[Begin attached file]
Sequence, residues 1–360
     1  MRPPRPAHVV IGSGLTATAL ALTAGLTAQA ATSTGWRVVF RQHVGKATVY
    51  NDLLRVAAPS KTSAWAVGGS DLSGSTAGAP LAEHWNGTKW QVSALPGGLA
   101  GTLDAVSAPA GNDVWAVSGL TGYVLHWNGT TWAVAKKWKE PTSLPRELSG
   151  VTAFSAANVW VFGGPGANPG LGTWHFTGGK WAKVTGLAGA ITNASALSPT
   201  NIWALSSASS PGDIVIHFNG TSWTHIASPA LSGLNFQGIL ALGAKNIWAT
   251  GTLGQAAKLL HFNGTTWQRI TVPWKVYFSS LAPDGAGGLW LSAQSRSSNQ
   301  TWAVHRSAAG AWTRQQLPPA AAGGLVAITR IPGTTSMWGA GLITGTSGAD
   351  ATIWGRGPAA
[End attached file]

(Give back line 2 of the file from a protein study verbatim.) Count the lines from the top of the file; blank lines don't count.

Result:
     1  MRPPRPAHVV IGSGLTATAL ALTAGLTAQA ATSTGWRVVF RQHVGKATVY